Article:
Cy Jacobs. Picture Supplied
Cy Jacobs. Picture Supplied

Now, you’d think, is the moment for hedge funds to bask in market volatility. But the latest figures suggest few hedge funds scored from March’s historic sell-off, or April’s equally unprecedented rise. There are exceptions, like Peregrine and 36One Asset Management. We asked 36One CEO Cy Jacobs why the industry’s performance was so underwhelming.

CJ: Very few are running actual hedge funds. Most are running long-only funds with some shorts. You see what happens when you get smacked like that.

But in theory these are the perfect markets for hedge funds, right?

CJ: Really, it’s because when hedge funds started in the country in the early 2000s, there were so many opportunities in SA. There was high growth, there was no real credit in the market, we had this massive boom and you could invest in pretty much anything.

I think hedge funds took advantage of that and earned huge amounts of fees for actually a lot of beta. Beta is when the market runs, and you happen to be 60%-70% invested on a long basis, so the market picks up and you make a lot of money — that’s beta. But a hedge fund is meant to extract what they call pure alpha. So, for example, if I think Standard Bank is going to outperform Nedbank, and I go long one and short the other, it doesn’t matter if they both fall. If I’m long the one that falls 5% and I’m short the one that falls 20%, I make 15%. That 15% is pure alpha.

In SA the chance of us getting back to good growth is a thing of history. So instead of running a fund with a 60% net long position, you need to run it more market neutral. We have a lot of shorts, and our net long positions are only coming from things like Naspers or British American Tobacco. We don’t have any net long position in SA basically. We’re net short the banks and the retailers. And I think that was an obvious trade.

Is this underperformance a crisis for the whole industry?

CJ: Absolutely. The problem is, we rely on the same clients they rely on — no client wants to put money into one fund. So I lose money because the whole industry’s underperformed.

But hedge funds can be expensive too. Are the fees actually justified?

CJ: It’s justified if you can get the net return. So hedge funds do charge 20% performance fees above cash and if you want above-cash returns, we’re going to charge for it. And we trade a lot, so our trading costs are high. The advisers will say: "Your fees are 6%, so I’ve lost 6%." I’ll say: "No, you made 24% and the market was up 10%." They’ll say: "I should have made 30%." It doesn’t work like that: the fee has a high watermark and only accrues for outperformance, so would you rather underperform or pay a higher fee and outperform?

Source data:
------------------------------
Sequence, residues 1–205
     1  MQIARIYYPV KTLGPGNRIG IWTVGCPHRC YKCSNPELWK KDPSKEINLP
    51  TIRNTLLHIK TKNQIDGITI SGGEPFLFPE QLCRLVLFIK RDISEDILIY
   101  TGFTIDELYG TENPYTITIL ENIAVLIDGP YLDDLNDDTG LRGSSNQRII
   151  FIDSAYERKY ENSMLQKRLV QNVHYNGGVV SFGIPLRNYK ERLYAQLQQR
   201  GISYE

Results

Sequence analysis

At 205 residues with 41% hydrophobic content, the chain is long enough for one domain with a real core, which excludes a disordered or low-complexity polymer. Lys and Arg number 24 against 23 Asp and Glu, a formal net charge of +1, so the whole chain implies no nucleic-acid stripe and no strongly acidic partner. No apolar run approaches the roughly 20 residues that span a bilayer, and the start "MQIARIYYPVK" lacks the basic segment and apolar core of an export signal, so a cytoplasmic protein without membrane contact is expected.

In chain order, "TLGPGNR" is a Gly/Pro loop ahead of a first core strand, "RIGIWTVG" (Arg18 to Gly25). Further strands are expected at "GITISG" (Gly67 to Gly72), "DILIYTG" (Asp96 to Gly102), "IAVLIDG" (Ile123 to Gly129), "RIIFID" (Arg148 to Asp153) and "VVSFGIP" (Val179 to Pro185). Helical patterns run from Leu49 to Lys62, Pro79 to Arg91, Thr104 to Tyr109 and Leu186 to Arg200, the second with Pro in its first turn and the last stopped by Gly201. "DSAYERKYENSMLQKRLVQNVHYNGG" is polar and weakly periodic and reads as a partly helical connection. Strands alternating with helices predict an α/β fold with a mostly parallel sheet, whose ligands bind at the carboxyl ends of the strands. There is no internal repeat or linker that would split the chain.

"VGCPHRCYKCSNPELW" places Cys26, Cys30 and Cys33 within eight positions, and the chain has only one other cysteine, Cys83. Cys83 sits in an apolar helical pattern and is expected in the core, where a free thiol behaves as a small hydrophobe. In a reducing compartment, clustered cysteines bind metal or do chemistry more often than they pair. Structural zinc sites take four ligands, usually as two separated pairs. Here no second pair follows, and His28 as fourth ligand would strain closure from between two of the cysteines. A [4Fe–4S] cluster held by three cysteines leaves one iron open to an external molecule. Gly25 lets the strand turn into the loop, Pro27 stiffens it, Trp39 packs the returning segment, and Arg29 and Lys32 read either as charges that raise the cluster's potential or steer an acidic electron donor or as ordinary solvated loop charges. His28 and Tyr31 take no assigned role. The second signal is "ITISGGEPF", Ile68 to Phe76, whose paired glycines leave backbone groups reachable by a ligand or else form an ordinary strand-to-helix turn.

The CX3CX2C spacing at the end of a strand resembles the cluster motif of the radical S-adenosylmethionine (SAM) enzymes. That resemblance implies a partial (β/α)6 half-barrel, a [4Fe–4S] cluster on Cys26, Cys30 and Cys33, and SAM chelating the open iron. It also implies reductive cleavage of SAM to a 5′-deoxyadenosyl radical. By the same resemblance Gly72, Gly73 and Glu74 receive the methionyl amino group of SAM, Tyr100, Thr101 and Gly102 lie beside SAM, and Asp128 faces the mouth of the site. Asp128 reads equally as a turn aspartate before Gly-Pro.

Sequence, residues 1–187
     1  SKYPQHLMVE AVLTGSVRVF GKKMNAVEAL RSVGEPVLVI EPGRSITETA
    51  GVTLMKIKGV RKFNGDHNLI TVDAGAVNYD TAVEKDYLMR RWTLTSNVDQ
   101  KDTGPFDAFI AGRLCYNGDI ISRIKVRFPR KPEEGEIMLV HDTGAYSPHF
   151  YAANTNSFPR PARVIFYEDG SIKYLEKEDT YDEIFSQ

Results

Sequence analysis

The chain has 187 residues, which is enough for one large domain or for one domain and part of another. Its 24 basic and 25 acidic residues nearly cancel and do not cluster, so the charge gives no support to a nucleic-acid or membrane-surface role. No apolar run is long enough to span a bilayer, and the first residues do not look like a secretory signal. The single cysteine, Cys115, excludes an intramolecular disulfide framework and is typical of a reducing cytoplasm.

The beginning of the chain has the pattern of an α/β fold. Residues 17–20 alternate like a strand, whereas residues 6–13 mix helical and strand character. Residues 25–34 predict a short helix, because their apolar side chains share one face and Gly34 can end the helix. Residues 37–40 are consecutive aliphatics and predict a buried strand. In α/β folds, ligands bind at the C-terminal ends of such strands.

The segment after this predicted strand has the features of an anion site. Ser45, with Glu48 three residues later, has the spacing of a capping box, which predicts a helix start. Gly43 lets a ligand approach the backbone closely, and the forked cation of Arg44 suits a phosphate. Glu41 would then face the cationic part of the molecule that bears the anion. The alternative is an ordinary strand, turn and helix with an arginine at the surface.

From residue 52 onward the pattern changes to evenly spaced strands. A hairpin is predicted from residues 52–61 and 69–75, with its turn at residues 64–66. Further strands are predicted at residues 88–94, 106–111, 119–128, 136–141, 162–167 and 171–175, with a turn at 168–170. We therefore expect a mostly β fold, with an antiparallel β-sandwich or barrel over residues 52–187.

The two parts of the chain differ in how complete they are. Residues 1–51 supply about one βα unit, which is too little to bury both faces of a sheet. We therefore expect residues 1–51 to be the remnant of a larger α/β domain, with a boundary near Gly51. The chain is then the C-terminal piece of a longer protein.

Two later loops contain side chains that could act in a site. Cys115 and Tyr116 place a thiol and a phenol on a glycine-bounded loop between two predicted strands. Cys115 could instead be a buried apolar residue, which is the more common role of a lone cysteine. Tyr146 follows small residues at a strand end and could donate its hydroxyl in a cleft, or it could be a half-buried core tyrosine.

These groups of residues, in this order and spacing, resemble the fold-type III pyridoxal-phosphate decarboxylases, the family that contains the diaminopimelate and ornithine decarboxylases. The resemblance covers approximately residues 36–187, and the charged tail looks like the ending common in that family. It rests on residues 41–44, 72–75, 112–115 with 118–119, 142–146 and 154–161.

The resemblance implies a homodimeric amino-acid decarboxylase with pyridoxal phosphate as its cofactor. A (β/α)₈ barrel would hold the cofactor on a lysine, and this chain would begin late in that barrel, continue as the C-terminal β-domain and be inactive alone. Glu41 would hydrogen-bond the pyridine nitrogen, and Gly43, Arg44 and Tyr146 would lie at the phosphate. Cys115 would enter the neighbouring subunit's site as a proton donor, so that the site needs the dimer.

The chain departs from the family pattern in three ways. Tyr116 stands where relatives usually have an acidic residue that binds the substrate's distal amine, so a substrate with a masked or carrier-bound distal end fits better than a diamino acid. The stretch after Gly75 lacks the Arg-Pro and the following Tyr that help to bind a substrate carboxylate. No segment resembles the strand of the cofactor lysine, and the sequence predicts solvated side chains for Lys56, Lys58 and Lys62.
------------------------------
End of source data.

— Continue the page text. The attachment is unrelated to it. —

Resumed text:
Would you argue that hedge funds must trade more?

CJ: Exactly. People will say "Your trading costs are more expensive than large institutions", and I’ll say: "Yes, why is that a problem?" We could trade; we’re small, we can take advantage of opportunities, and the result is that we beat them by 6% or 7%. I don’t get the benefit of the money — trading costs go to others, they’re payaways to make more money for the funds.

Is it interesting that there hasn’t been more shorting in SA hedge funds?

CJ: We are pretty aggressive [as 36One]. But the problem in SA is liquidity. Sometimes you cannot get scrip. And institutions — and they shouldn’t do it — but sometimes they realise there are shorts in a stock and they call their shorts back and then you’re forced to buy [the shares] back.

Do you agree that some of the recent gains we saw were simply due to a massive short squeeze?

CJ: There definitely was a bit of a short squeeze, and bear in mind that it’s not only the SA industry that’s playing here: there are a lot of international guys who think this country’s finished, so they are also active in these shares. [But] when there’s a bit of good news, people panic. In the US, we saw people start buying the biggest load of junk: airlines, hotel groups, casinos, Carnival [Cruise Lines].

Why has this happened?

CJ: In America, there’s been this Robinhood phenomenon: 10-year-olds who play Fortnite are learning to play the market and are trading online. Children and young adults have followed this Robinhood business [a commission-free online brokerage] and are buying rubbish. You are literally talking about millions of these types of traders and they all pursued the same things.

Is the opportunity from here on out on the short or the long side?

CJ: I think it’s both. I think there are great technology businesses globally and the SA rand hedges could do very well. The mines should survive; we’re also quite bullish on gold given massive global stimulus, which is unparalleled.

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